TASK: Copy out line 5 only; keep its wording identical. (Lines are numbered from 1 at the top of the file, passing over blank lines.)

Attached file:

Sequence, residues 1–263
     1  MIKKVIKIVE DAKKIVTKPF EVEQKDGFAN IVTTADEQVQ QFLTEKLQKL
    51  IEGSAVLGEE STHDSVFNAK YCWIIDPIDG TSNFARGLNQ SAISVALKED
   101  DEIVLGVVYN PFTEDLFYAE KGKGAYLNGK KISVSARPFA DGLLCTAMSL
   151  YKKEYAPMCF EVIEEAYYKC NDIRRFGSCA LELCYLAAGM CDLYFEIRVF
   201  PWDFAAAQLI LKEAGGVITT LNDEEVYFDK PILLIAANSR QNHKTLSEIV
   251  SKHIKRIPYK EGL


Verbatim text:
   151  YKKEYAPMCF EVIEEAYYKC NDIRRFGSCA LELCYLAAGM CDLYFEIRVF